The Rockets’ rotation players also contain a nice group of guys who have had unconventional paths in the NBA. DeMarcus Cousins is far from the player he was during his All-NBA years with the Kings, but he has proven to be a solid piece off Houston’s bench to back up Wood, especially when you consider Cousins has played just 30 NBA games since 2018. David Nwaba is on his fifth team in five seasons – but through 16 games, he’s shown himself to be a serviceable rotation wing, especially on the defensive end.

Another solid defensive piece for Houston is rookie Jae’Sean Tate, who is playing 25.7 minutes per game to go along with his sevens starts. Tate went undrafted in 2018 out of Ohio State, then spent the last two seasons abroad playing in Belgium and Australia before getting his shot with the Rockets. Even further down the roster, Mason Jones, an undrafted rookie out of Arkansas, has shown some serious flashes of skill in limited play this year, putting up 8.6 points per game while shooting 58.3 percent from three-point range over his nine contests this season.

The Rockets are more than just a likable story of many players getting a chance of redemption or their first shot at all in the NBA. Better, they’re a competitive basketball team fighting for a playoff spot. While Houston might not be a title contender in 2021, they have a lot of pieces to build off of moving forward.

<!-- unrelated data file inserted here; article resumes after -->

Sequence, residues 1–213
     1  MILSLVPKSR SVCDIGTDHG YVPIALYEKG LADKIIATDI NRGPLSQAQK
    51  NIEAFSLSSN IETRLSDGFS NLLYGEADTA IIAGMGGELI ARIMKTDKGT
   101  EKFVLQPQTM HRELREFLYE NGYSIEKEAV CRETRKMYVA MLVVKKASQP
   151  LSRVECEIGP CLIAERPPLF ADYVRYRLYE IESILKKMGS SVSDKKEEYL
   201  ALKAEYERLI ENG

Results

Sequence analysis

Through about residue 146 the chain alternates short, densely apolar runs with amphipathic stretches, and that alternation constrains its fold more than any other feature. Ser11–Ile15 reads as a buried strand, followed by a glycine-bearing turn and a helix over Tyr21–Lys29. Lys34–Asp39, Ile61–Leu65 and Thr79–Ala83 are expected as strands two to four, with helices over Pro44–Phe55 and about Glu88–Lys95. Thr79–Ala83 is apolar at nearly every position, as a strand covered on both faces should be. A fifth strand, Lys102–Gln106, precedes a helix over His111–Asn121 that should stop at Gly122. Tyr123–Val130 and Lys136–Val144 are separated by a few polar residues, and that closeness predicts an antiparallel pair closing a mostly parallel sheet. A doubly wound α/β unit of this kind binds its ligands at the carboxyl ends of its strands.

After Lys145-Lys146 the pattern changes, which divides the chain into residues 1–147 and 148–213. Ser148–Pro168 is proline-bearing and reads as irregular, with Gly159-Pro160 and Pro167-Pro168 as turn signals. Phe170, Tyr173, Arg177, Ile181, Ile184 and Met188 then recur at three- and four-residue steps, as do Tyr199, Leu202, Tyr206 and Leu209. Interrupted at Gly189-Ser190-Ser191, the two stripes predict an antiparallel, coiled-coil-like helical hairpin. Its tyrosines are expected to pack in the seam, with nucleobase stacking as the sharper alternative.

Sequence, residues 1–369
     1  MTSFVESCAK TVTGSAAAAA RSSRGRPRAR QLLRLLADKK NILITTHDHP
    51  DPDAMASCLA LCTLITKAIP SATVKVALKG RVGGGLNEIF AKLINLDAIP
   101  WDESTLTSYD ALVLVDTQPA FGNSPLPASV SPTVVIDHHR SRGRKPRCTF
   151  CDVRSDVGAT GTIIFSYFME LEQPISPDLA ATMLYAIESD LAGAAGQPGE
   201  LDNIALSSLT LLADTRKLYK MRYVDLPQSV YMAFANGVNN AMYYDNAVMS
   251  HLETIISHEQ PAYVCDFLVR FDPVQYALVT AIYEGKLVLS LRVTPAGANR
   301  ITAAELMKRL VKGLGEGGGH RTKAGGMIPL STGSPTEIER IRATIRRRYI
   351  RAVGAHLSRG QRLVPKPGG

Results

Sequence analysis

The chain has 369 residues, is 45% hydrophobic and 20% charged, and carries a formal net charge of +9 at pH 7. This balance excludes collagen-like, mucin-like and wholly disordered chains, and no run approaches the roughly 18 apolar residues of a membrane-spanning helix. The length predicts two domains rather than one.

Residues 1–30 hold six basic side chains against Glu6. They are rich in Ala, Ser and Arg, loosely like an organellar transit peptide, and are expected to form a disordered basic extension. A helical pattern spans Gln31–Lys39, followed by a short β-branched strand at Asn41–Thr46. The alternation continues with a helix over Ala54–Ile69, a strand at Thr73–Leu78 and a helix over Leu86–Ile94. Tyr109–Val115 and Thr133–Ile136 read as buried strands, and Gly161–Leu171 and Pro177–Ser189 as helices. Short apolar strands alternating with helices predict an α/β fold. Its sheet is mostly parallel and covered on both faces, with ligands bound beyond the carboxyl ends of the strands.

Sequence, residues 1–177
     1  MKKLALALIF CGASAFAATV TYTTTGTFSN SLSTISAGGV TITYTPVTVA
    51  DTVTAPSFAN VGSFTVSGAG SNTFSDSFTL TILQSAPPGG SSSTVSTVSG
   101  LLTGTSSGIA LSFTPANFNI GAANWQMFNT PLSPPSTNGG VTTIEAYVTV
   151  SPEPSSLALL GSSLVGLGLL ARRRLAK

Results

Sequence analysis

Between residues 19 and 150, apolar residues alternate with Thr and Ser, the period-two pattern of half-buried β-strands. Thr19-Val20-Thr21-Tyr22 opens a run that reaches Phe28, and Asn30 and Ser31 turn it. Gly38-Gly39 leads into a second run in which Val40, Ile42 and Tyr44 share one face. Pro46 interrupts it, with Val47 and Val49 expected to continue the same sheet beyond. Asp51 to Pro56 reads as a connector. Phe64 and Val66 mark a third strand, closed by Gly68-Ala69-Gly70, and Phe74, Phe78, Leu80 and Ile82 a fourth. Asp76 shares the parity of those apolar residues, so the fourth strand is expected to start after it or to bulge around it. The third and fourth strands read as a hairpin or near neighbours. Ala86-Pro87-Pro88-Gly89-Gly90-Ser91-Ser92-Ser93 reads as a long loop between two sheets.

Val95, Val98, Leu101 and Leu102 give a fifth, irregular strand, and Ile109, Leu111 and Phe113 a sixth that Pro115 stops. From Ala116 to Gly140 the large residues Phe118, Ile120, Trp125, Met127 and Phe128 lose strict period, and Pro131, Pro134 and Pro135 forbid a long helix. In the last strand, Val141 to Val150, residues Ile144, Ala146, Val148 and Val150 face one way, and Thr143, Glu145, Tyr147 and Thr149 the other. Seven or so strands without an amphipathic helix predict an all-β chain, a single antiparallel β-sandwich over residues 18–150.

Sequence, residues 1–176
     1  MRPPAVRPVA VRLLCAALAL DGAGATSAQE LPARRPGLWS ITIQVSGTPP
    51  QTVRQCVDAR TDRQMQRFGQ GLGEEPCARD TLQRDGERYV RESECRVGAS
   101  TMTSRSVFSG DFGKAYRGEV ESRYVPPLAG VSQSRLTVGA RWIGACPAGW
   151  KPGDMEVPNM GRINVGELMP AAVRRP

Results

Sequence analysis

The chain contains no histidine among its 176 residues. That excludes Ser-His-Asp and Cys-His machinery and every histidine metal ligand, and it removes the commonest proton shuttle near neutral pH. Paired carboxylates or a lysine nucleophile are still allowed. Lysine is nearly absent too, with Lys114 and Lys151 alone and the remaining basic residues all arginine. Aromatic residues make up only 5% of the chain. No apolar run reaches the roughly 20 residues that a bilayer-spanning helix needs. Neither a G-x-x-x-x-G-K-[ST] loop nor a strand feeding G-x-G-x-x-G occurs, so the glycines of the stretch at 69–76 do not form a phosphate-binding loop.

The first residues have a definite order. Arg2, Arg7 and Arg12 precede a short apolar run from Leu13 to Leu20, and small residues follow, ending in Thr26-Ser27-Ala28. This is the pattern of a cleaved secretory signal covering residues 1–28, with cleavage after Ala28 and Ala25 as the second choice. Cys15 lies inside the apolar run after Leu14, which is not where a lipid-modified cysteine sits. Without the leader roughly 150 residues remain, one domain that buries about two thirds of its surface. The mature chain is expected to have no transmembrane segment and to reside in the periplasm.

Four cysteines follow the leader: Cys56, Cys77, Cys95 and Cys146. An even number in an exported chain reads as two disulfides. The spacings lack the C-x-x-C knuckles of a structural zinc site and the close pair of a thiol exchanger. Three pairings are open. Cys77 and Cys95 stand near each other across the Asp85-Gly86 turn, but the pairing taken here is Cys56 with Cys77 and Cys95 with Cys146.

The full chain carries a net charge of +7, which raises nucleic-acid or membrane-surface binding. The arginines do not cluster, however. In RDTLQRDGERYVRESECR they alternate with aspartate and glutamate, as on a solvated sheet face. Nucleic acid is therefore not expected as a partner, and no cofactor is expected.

Much like Houston, the entire Southwest Division is full of weird and exciting stories going under the radar in a spectacular 2020-21 season. Between early season struggles and unexpected leaps, there are loads of storylines to pay attention to as the campaign evolves.

Zach Dupont is a staff writer with Basketball Insiders currently living in Chicago. Zach's work has been previously featured in The Boston Globe, Boston.com and The Basketball Tournament.

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Anthony Edwards Showing Promising Progression

Anthony Edwards has been a highlight reel every single night but his poor shooting has gotten a lot of attention as well. Chad Smith details why there should be no cause for concern regarding the future of the top overall draft pick.

Chad Smith

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There is a lot of pressure that comes with being selected number one overall in the NBA Draft. This is especially true in today’s game, where the top pick is expected to have an immediate impact. Often times when a player is the top pick, they are instantly the most talented player on their team, or at least have the most potential.

This was not the case for Anthony Edwards and the Minnesota Timberwolves.

Karl-Anthony Towns is still the face of the franchise. And, as many highlight plays and rim-destroying dunks that Edwards provides, he is still a raw talent with a lot to learn. To his credit, Edwards not only is well aware of and acknowledges that fact, but has the work ethic and maturity needed to fulfill his potential.